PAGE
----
Edward Ruiz-Narváez, an assistant professor of epidemiology at the School of Public Health, has been elected a member of the National Academy of Sciences of Costa Rica.
This spring, Ruiz-Narváez will be one of 11 honorees inducted into the national academy, which is adding members to its ranks for the first time in four years.
Dayana Mora Solórzano, executive director of the academy, told La Nación newspaper that the 11 new inductees were chosen from dozens of candidates for their “significant development of science” in promoting research contributions in their respective areas.
Ruiz-Narváez’s research is primarily focused on the genetic basis of human complex diseases, as well as the assessment of gene-environment interactions to uncover potential mechanisms of development of disease.
As an epidemiologist with the Slone Epidemiology Center, Ruiz-Narváez’s past research has involved the study of genes involved in lipid metabolism to assess how natural genetic variation interacts with dietary intake and other lifestyle factors to affect risk of cardiovascular heart disease.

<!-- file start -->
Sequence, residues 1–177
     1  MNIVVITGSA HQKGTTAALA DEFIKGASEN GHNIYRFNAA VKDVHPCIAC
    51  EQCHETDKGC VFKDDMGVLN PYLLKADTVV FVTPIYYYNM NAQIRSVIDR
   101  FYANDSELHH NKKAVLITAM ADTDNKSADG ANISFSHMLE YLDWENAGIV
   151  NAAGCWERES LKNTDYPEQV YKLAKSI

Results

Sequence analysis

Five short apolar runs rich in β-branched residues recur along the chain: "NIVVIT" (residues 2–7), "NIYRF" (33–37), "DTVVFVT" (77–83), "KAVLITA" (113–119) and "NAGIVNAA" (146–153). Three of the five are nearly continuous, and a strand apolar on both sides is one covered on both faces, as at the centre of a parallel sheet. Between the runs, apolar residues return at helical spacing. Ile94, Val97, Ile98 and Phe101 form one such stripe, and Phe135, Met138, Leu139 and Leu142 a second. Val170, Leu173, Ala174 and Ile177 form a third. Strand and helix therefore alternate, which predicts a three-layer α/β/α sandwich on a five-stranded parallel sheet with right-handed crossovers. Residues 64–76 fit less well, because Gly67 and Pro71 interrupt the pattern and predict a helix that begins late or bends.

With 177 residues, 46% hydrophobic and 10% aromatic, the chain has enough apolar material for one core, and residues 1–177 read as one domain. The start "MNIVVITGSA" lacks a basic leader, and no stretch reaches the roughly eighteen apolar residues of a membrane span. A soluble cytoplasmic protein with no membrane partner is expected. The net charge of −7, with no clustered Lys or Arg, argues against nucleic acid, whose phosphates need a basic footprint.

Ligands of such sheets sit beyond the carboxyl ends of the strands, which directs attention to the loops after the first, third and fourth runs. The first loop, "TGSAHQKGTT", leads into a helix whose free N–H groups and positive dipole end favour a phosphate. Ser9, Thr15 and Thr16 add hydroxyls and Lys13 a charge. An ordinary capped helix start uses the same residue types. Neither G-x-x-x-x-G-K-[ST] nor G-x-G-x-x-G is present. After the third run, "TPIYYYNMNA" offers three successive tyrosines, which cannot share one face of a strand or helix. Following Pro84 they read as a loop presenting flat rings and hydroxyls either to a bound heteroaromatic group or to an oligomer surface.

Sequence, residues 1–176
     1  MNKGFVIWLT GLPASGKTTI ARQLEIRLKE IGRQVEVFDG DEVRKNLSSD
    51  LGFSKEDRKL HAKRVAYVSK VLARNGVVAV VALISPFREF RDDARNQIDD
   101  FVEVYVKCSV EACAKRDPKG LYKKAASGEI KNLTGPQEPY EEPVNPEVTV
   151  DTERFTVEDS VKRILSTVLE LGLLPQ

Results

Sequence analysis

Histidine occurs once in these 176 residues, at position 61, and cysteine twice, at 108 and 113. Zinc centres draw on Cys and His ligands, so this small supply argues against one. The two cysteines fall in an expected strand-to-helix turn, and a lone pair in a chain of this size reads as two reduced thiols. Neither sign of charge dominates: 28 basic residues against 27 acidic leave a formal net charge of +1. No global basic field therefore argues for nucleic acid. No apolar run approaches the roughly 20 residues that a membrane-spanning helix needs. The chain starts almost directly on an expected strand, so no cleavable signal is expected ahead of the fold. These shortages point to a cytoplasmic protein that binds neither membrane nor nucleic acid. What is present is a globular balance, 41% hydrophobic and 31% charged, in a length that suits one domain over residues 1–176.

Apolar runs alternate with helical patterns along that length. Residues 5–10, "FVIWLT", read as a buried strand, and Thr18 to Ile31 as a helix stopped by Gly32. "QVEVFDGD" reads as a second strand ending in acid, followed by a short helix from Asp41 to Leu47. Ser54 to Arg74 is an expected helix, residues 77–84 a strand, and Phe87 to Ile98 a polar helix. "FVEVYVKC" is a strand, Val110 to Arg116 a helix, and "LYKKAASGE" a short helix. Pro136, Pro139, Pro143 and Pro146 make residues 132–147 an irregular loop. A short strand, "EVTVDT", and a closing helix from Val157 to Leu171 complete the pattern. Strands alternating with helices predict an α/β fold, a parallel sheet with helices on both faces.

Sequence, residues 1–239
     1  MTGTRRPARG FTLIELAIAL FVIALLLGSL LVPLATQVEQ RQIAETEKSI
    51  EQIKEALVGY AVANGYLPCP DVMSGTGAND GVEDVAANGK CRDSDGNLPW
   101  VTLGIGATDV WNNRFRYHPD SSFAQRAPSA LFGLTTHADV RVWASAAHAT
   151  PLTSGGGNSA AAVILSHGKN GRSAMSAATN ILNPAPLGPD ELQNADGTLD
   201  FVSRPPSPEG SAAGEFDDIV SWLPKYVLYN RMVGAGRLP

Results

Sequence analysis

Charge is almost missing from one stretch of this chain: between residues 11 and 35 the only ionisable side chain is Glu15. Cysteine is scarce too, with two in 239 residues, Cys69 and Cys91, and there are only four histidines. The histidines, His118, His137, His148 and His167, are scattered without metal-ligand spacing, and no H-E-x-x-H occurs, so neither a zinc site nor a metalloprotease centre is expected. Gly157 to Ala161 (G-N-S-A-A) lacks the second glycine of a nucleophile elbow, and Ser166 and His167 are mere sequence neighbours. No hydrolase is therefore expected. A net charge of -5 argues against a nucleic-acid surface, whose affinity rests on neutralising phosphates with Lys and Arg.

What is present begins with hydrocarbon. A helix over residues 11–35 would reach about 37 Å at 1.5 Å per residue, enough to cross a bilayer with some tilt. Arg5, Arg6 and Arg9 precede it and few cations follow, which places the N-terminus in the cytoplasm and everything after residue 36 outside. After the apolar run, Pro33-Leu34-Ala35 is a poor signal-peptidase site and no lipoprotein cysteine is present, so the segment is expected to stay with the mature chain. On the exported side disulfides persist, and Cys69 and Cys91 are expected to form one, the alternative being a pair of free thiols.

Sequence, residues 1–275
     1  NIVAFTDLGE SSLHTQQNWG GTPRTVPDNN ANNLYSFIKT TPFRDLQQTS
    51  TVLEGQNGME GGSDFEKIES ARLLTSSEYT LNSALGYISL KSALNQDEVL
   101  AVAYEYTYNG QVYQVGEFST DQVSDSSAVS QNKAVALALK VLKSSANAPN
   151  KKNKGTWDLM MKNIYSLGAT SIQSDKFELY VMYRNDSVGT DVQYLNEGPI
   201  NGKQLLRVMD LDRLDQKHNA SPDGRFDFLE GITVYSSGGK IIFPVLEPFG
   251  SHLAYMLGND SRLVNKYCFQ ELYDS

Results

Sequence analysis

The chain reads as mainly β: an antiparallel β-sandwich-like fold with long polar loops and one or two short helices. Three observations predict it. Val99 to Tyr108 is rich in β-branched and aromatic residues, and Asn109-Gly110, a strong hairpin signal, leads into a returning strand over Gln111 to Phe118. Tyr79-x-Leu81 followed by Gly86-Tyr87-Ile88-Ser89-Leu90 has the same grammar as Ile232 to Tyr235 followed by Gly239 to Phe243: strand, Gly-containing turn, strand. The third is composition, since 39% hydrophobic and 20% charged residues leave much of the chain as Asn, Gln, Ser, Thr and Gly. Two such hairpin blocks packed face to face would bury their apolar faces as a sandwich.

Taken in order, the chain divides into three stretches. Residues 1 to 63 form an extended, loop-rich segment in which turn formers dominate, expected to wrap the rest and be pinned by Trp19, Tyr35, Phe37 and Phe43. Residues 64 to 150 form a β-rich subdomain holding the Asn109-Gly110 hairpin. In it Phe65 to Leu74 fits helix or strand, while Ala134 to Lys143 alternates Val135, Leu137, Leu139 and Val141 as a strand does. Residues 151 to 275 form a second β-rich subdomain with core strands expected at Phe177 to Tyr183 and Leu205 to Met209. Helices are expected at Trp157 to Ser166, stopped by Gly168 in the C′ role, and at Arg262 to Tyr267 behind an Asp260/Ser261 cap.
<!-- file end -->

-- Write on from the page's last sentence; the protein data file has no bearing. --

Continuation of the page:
He is currently part of a team researching data gleaned from the Black Women’s Health Study (BWHS), a longitudinal study following 59,000 women who enrolled in 1995. A primary focus of the BWHS involves research into genetic variations associated with risks of different diseases or conditions such as breast cancer, obesity, and type 2 diabetes.
The National Academy of Sciences of Costa Rica, established in 1992, is a permanent forum for cultivating scientific culture within the country. It is also charged with promoting research and scientific collaboration between its members and other groups, including national and international agencies.